5. Wandering Son by Hōrō Musuko, illustrated by Takako Shimura: There is always room in my life for manga, but I feel like I’ve completely ignored this medium as of late. So when we had Graphic Novel up for EOG Book Club last month, I decided to renew this passion and dive head long into this beautiful manga. Manga in general gets a lot of criticism for looking the same, and I cant agree more. A majority of the titles have a very similar quality to character design and plot, which means that you can have two characters from two different titles look identical. With that being said, I feel that i gravitate to the more unique drawing styles. This title isn’t vastly different, but the sketchy style and slow, very natural pacing of the story makes it stand out. The story (in as far as I am, because I am only at volume 4) follows two children, a boy and a girl, who are struggling to come to terms with their gender identity. Without going into it too much just let me say that its beautiful. The author broaches a very delicate subject with charm and tact, and like i said a slow plodding pace that is absolutely essential to the material. To have children come to conclusions and figure everything out at a normal manga style clip, would do the characters a total injustice. I will 100% continue to follow this series.

So its only five, but its a start.
Here is to trying again!

Much Love!
Micheline

EOG: Only The Good Read Young

I am a terrible leader! 😛 I have been harassing the rest of the members for the last week to hand over their blog posts for May and yet I just finished wrapping mine up an hour ago.

However I will say that our group verges on the point of being too epic to even be described! I was both pleased and apprehensive when our little band of 4 sprang to 6 with the addition of two fabulous new ladies to our group. Would they meld well with the rest of the group? Would they laugh at our stupid jokes? Thank goodness not half an hour in we were all cracking jokes and piping up and getting along just swimmingly!

One of the many many things I love about this book club is the freedom to say just about anything. We seem to have tackled a lot of books lately with real gritty or heart wrenching themes or plots, but have been lucky enough to have one book that is either so ridiculous or so different that we are able to grab something and turn it into a running joke. Last time around it was Genghis and the marvellous poop sword, and this time it was Bumped and the  crazy teen who slept with a boy who looks like Jesus so she could “feel God”.

In between the laughing and joking and eating the amazing vanilla cupcakes filled with lemon curd and lemon meringue buttercream frosting (I almost died from the numminess), we were actually able to delve deep into our books and find meaning in the mass of easy to read fiction.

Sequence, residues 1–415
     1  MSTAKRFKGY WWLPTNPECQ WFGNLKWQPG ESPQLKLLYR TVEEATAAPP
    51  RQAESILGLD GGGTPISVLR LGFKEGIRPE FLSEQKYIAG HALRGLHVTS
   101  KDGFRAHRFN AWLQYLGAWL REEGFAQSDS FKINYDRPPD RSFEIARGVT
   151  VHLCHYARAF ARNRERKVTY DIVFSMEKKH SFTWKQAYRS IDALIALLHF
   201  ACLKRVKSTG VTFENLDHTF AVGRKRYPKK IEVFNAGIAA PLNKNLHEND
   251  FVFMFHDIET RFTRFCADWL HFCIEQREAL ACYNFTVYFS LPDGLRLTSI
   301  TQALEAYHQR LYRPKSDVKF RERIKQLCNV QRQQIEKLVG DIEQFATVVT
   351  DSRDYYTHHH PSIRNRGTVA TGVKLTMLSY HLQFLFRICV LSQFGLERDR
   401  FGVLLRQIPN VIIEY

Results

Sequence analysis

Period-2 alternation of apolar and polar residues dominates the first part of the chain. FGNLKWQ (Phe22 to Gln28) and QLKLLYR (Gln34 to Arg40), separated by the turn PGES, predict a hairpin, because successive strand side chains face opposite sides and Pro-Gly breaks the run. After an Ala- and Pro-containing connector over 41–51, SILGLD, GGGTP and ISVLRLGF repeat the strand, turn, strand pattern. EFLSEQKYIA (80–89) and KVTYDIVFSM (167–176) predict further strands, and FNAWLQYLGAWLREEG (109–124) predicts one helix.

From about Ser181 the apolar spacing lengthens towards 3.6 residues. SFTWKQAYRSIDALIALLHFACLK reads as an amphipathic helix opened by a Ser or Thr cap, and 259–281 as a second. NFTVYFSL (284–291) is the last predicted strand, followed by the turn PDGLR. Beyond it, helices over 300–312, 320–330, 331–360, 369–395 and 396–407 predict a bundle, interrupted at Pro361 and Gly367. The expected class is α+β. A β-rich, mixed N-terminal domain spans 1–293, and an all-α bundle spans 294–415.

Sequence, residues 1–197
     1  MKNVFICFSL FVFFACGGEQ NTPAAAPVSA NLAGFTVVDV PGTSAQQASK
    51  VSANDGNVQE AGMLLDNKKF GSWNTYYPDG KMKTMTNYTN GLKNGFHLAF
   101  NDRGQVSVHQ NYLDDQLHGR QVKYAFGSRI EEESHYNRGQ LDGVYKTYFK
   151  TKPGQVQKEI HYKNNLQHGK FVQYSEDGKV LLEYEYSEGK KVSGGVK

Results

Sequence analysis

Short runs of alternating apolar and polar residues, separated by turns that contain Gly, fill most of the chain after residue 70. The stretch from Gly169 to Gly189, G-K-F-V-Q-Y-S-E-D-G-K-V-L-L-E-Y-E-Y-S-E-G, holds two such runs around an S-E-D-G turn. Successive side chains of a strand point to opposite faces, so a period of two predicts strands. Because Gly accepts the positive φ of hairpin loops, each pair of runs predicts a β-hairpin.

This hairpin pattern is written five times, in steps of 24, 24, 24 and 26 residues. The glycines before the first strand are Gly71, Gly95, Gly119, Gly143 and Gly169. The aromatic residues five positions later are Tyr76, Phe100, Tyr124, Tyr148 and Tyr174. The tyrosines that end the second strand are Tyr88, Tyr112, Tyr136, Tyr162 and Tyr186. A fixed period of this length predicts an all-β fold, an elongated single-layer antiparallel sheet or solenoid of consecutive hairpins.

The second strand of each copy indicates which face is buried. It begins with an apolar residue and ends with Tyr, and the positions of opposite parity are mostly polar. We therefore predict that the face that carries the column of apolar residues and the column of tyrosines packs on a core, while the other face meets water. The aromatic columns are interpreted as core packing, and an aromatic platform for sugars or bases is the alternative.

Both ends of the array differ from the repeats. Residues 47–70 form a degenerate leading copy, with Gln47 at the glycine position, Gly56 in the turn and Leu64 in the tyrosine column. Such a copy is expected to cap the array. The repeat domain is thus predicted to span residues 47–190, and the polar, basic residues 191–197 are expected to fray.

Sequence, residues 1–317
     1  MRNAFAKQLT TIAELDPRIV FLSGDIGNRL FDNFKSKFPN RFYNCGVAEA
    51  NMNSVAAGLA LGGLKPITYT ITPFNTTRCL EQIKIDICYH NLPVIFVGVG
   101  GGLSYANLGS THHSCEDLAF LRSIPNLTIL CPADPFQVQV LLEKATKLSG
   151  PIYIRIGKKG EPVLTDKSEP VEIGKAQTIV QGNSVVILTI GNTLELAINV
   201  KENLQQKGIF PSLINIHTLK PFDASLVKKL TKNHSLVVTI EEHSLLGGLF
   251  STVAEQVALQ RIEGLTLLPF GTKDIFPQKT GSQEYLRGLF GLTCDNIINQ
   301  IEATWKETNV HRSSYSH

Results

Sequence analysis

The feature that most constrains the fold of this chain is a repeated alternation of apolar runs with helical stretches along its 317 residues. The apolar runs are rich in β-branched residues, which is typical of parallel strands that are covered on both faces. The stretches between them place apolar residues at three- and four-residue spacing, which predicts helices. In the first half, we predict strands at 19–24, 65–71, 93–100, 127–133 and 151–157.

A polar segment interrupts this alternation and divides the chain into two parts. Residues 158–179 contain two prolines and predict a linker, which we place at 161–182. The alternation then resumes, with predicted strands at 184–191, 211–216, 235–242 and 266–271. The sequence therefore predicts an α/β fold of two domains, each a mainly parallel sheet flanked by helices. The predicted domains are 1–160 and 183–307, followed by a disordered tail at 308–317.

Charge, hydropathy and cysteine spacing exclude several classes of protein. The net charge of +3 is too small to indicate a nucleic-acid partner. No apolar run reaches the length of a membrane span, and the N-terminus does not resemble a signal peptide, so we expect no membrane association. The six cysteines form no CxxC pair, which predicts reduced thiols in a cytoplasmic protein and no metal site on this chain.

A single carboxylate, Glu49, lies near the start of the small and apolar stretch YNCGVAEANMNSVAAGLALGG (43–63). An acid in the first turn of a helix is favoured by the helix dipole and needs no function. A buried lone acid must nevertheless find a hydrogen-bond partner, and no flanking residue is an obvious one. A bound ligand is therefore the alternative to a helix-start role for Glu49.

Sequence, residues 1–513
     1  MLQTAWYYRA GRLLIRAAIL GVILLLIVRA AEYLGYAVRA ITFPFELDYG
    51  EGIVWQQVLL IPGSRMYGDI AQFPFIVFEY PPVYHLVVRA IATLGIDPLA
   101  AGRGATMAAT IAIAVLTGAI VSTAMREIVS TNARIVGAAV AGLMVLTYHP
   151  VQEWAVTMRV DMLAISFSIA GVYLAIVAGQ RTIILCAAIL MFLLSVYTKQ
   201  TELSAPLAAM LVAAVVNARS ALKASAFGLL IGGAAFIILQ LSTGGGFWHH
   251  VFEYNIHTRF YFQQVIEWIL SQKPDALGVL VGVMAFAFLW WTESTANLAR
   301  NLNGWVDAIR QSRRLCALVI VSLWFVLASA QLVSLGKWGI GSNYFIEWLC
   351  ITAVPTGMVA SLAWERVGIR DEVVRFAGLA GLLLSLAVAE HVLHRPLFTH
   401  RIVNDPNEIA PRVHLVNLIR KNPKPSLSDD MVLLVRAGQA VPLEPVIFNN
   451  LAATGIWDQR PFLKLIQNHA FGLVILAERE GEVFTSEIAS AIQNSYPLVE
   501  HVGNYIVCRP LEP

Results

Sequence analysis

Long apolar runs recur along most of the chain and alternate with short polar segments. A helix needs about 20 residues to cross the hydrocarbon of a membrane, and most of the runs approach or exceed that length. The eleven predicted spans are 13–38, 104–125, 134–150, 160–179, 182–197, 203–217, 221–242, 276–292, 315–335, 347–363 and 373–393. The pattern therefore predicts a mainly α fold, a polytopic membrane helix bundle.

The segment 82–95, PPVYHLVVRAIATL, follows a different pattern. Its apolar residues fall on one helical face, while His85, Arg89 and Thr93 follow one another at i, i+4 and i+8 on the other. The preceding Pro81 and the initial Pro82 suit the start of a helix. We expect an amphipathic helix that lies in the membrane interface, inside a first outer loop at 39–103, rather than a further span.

Jenna dove into Will Grayson, Will Grayson by John Green and David Levithan and found a book that looked unflinchingly at LGBT teens and their struggle to come to terms with who they are, as well as big gay musicals.

Dana read White Cat by Holly Black filled with curse-workers whose very touch can change the essense of who you are and  how you think, it also gave us a good laugh over the term blow back, which were the consiquences of using their touch.

Amanda got a taste of the Hunger Games by Suzanne Collins and was happy to finally encounter a strong female lead in today’s teen fiction, and I tried desperately not to give away all the juicy bits.

Christine read Bumped by Megan McCafferty and was enraged by its interesting premise and terrible execution, but it did provide us with our joke book of the night and so many incredibly hilarious laughs. Read her review of this book and the last 3 EOG Book Club books over at her blog : Delusions of Grace – Sex, tears and books thrown in anger

Andrea fell in love with A Fault in Our Stars which was also by John Green as she found a book that spoke to her on a very personal level and reminded each of us that no day is guaranteed. Check out her review over at: facelessmasses – A Fault in Our Stars; or how to break a nerdfighter.

I read Insurgent by Veronica Roth which gave me a feisty young heroine in a world divided by personality types, and addressed suicide without glamorizing or trivializing. My review is hanging out over at: Where You Go I May Not Follow – Insurgent

We also have a couple people who are joining us long distance and are reading along:

Tawnie is out in Hong Kong right now and gave us a write up on Cinder by Marissa Meyer, nothing like a dystopian future fairytale to get the blood pumping. Take a look at her review over at: There is joy to be claimed in this life – Book Club May

All in all, May Book Club was another fantastic time of good friends and great books.
Looking forward to another Month.

Our Genre for June: Fantasy

 

Our List Thus Far

historical fiction
fairytales
biography
science fiction
fantasy
teen/young adult
memoirs
urban fantasy
romance
mystery
classics
chick lit
thrillers
true crime
self help
religious fiction
children’s literature
dystopian